"Trump is beatable": Former ambassador authors a GOP game plan for defeating the "would-be autocrat"

James B. Foley doesn't believe that a Trump nomination is inevitable in the 2024 Republican presidential primary

Published September 6, 2022 4:00AM (EDT)

Donald Trump (MANDEL NGAN/AFP via Getty Images)
Donald Trump (MANDEL NGAN/AFP via Getty Images)

This article originally appeared on AlterNet.

When Rep. Liz Cheney lost a GOP congressional primary in Wyoming to challenger Harriet Hagemen by 38% on Aug.16, the takeaway for many Republicans was: don't cross Trump. The arch-conservative Cheney has been attacking former President Donald Trump relentlessly over the Jan. 6, 2021 insurrection, while Hagemen campaigned on a stridently pro-MAGA platform — and Cheney will be gone from the U.S. House of Representatives in 2023.

But in an op-ed published by Politico on Labor Day 2022, James B. Foley — a former U.S. ambassador to Haiti under President George W. Bush and to Croatia under President Barack Obama — emphasizes that Trump is not invincible even though many Republicans believe that he is. And Foley does not believe that a Trump nomination is inevitable in the 2024 GOP presidential primary.

"Almost without exception, the potential Republican candidates for the party's presidential nomination in 2024 are showing conspicuous deference to Donald Trump, bordering on fear," Foley explains. "Their reticence is understandable with the party still largely in his grip, but it's hardly a way of persuading voters they are presidential timber, even at this early stage. Their theory of victory appears to hinge almost entirely on the possibility that Trump will be sidetracked or disqualified from running in 2024 or that primary voters will simply tire of his ceaseless chaos."

Foley continues, "They secretly hope the former president slips on a legal banana peel while professing to abhor any such thing. This is plainly a strategy for losing, an approach that paves Trump's way to the Republican nomination once again in the likely event he enters the race. But for GOP candidates who actually aspire to defeat Trump in the political arena, there are ways to take him down, particularly by focusing on his disastrous foreign policy record . . . The fact is, Donald Trump is beatable."

Foley, now 65, goes on to say that as a "long-time U.S. diplomat," he has seen his share of bullies along the way — and Trump, according to Foley, fits that profile.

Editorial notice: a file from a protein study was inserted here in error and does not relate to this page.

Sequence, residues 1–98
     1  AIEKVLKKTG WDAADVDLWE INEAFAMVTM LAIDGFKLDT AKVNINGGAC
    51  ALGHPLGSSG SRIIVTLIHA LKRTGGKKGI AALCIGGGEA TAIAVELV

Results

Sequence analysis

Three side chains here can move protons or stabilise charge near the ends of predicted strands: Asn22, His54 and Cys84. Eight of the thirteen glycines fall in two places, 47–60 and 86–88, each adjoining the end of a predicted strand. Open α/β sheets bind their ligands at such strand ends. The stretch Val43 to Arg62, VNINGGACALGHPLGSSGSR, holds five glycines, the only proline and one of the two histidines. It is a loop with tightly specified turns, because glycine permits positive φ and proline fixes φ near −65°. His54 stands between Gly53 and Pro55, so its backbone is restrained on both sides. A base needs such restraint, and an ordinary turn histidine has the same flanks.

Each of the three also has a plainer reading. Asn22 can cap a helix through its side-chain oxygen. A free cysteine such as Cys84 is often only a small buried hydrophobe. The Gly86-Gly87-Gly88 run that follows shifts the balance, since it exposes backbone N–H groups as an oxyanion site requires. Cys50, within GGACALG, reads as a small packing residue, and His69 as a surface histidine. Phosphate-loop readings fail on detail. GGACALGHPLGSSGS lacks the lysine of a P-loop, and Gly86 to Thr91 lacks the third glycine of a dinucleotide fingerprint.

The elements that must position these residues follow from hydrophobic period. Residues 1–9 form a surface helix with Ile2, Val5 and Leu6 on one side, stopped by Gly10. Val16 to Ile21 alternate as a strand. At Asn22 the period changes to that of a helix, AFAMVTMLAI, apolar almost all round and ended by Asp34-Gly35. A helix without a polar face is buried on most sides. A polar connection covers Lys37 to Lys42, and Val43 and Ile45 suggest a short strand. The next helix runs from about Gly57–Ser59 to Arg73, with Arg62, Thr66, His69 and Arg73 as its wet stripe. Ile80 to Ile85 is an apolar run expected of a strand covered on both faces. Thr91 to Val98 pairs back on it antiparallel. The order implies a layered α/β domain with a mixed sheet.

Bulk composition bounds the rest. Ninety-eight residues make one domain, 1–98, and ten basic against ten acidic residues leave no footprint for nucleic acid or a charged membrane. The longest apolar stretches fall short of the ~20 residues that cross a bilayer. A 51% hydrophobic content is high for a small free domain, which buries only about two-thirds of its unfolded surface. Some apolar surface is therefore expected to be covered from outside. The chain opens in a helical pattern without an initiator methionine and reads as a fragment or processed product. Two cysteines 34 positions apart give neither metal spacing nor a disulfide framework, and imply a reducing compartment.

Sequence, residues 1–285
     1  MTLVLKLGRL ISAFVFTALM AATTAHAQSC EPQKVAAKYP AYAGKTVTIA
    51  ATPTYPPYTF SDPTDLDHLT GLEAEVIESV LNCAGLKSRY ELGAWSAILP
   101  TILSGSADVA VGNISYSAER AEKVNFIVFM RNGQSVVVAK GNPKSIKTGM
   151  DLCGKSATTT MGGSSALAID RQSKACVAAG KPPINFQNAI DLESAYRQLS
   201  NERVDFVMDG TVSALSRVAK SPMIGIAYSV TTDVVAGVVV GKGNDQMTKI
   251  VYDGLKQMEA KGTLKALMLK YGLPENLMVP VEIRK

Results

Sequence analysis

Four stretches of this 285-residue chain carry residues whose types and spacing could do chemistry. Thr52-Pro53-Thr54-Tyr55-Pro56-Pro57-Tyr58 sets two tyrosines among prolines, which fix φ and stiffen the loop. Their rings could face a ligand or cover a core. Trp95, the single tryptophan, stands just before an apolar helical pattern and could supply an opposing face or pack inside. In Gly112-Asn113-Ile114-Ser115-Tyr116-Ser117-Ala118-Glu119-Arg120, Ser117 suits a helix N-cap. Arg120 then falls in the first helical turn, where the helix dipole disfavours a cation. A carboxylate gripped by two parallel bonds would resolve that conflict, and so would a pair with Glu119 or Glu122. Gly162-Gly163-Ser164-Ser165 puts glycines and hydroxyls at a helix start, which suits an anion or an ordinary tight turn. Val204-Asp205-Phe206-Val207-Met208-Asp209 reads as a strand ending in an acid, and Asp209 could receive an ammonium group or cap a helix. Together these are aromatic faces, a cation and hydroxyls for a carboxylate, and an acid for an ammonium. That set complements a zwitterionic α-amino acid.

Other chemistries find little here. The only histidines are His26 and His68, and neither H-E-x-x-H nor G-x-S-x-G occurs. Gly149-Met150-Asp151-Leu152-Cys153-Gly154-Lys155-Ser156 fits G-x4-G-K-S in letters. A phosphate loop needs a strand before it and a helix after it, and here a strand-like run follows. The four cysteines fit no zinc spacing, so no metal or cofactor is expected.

"I have seen his type around the world; he is a would-be autocrat who lacks the vision, discipline and basic competence to achieve anything of enduring significance — a piker compared to world historical demagogues of the recent past, or even our home-grown variety like Huey Long," Foley observes. "Nonetheless, Trump does possess one trait that is critical in politics: a killer instinct. Armed with a talent for ridicule, he has an ability to sense his opponents' weaknesses and to exploit them ruthlessly. And yet Trump is himself an extremely fat target for ridicule, with massive liabilities as a candidate for reelection."

Foley goes on to cite some anti-Trump lines of attack that he believes other Republicans could successfully use against him: (1) Trump is a "stone-cold loser," (2) Trump is a "foreign policy bungler," (3) Trump encouraged "surrendering Afghanistan," (4) Trump favored "putting Russia first" and (5) Trump is a "phony tough guy."

"The 2024 election is unfolding at a pivotal moment in world history," Foley notes. "Sensing a fundamental shift in the global balance of power, China and Russia have forged an alliance and all but declared war against the United States, pledging mutual support toward the goal of supplanting U.S. power in Europe and Asia. Putin's invasion of Ukraine was but the opening phase in this blueprint . . . If voters want the United States to remain the leader of the western democracies and to maintain its preeminent position in the world, they need an American president committed to that cause. Trump has proved he is not that president."

Foley adds, "Giving Trump the GOP nomination would bring to the doorstep of the presidency a pro-Russian isolationist who would dismantle the global alliance system on which U.S. security depends. Alternatively, the party can choose to serve as the nation's first line of defense. Republican leaders with conservative credentials have the credibility to expose Trump as the threat to national security that he is. The truth is so compelling, in fact, that the ultimate prize could very well go to a truly tough-minded candidate who dares to make the case. What does he — or she — have to lose?"

By Alex Henderson

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